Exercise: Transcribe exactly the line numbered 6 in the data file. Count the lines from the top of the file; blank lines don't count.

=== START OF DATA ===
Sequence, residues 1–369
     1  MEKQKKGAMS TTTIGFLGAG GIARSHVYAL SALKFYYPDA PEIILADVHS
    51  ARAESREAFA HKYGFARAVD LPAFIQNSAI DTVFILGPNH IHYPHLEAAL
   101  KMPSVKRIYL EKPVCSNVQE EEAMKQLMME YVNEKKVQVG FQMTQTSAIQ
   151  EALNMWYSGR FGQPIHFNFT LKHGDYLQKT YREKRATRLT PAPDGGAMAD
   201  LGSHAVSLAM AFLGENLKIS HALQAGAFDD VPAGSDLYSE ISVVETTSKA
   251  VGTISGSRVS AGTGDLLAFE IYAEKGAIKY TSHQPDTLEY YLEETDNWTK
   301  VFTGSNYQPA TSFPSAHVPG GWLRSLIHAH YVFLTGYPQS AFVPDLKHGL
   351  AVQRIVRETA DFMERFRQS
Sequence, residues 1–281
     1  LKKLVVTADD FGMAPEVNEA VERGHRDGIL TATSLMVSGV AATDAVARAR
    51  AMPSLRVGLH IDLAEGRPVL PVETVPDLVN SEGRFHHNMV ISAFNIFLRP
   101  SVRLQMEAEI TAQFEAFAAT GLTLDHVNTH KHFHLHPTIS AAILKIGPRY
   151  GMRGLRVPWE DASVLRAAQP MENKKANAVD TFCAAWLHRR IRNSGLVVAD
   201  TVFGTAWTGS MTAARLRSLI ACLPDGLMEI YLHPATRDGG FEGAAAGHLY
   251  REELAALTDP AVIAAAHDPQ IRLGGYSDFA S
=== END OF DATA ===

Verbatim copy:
   201  LGSHAVSLAM AFLGENLKIS HALQAGAFDD VPAGSDLYSE ISVVETTSKA